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Fostering collaboration between general and special education teams can create impactful systems for managing behavior and reaching equity.

Why special educators are key to behavioral equity and inclusion


Leveraging the expertise and fostering collaboration between special and general education teams can create impactful new systems for managing behavior

Key points:

Educators today are trying to manage a new wave of student behavior, and it’s proving to be one of the toughest parts of their job.

Educators are facing an unprecedented wave of behavioral challenges in schools, leaving them emotionally drained and overwhelmed. From disruptive behavior to constant interruptions and defiance towards authority, these situations weigh heavily on a teacher’s mental and emotional well-being.

Unfortunately, educator teams have lacked the essential support needed to feel competent in addressing the escalating frequency, intensity, and prevalence of behavioral needs.

These challenges, exacerbated by the aftermath of the pandemic, extend far beyond mere discipline. They underscore deeper systemic issues, where inadequate classroom management training hampers the ability of K-12 district leaders, administrators, and teachers to address these situations successfully.

There’s a clear need for transparent communication, efficient systems, and personalized guidance around behavior to address high teacher turnover rates, which calls for an overhaul of district behavior management processes.

Fortunately, schools possess an invaluable asset in their special education (SPED) teams, equipped with the unique ability to recognize and celebrate the small victories that signify changes and growth in behavior.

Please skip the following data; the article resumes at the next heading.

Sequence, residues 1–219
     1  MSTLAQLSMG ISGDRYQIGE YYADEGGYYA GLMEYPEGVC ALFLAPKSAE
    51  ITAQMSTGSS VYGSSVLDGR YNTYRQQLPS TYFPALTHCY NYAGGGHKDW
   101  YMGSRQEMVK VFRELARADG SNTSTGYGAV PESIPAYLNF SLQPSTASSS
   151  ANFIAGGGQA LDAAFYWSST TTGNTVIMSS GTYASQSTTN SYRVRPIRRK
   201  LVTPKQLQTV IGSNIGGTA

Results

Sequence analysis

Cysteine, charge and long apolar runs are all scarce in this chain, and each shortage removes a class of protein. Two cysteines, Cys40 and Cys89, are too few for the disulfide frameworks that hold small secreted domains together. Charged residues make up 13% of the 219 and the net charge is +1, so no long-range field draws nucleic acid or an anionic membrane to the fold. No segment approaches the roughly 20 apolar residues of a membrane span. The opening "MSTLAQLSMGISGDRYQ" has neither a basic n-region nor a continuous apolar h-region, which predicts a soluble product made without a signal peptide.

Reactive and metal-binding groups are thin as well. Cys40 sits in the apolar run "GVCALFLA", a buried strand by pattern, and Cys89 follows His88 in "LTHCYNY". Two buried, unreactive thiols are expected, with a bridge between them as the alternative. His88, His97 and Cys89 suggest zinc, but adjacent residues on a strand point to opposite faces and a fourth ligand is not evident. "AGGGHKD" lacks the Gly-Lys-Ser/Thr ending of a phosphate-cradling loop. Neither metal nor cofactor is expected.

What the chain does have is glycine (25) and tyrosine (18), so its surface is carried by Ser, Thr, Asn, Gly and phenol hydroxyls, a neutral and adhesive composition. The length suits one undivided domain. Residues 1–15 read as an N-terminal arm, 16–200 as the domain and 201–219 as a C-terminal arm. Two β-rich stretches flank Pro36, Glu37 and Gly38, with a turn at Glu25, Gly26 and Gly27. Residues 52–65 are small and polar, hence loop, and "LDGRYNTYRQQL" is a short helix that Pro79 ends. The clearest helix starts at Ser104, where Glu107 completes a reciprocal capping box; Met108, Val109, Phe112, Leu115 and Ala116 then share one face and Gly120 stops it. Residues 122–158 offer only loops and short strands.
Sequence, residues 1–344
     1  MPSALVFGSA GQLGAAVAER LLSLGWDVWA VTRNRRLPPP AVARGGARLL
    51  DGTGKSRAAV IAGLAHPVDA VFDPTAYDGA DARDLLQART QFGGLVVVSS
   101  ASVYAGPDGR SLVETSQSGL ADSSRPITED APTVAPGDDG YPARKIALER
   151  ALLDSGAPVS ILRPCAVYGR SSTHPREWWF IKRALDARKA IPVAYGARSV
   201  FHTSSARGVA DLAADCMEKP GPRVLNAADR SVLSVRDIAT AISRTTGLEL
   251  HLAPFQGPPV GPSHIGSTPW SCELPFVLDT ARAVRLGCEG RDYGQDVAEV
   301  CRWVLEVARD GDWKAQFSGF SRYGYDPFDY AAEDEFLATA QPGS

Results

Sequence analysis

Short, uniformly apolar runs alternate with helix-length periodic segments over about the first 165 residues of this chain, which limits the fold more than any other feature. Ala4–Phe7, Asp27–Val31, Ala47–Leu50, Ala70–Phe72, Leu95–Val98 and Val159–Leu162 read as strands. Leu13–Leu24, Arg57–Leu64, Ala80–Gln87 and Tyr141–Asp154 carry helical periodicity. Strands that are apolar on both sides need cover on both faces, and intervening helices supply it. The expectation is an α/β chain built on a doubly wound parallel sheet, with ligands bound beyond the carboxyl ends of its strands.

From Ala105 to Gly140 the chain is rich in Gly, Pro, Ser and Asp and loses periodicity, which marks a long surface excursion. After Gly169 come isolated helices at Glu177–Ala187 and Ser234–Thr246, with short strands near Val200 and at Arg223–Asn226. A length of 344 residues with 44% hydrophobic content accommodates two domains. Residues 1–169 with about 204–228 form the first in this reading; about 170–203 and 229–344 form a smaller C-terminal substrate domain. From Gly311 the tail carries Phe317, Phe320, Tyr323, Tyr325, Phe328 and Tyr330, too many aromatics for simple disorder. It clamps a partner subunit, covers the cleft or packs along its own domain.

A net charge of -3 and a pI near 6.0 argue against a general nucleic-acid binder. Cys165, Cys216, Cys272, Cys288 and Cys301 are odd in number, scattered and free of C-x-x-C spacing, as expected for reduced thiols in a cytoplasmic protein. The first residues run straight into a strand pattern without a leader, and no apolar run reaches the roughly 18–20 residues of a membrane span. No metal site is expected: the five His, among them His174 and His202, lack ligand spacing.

These professionals handle behavior issues daily, honing their skills in fostering progress and celebrating every step forward, no matter how small.

Imagine the impact if more students within the general education setting could experience these victories firsthand. Districts can create more inclusive and equitable learning environments by prioritizing support for SPED teams and integrating their expertise into mainstream practices.

The impact of rising behavior issues on educators

Behavioral issues have a ripple effect that impacts everyone in the school community. Beyond hindering teachers’ ability to fulfill their responsibilities, these challenges shape the school’s culture and influence the well-being of students and staff.

When students get explicit instruction in emotional regulation and social problem-solving, it can empower students to navigate difficult situations and lead to more productive classroom learning. Unfortunately, 60 percent of teachers feel overwhelmed and ill-equipped to manage these situations, calling out insufficient training as a barrier to reducing disruptive behavior.

Behavioral issues are cited as the primary reason for more than half (51 percent) of teachers leaving the field, and it’s understandable why. Without the right strategies for managing student behavior, teachers feel frustrated and powerless.

To address the fatigue and isolation educators often experience when dealing with classroom behavior issues, embracing more interconnected systems and adopting a community-based approach is essential.

By prioritizing equity and inclusion in behavior management, schools ensure that every student can access the necessary solutions for success. It’s a way to cultivate a sense of belonging and support for students and empower educators to establish inclusive learning environments where every student can excel academically, socially, and emotionally.

Bridging expertise for inclusive and equitable behavior management

Behavior in schools serves as a cornerstone for promoting equity and inclusion. The strategies that benefit certain students can have positive effects across the board. A siloed approach won’t cut it. When methods successfully address the needs of a specific group grappling with behavior issues, they often work for the greater student population.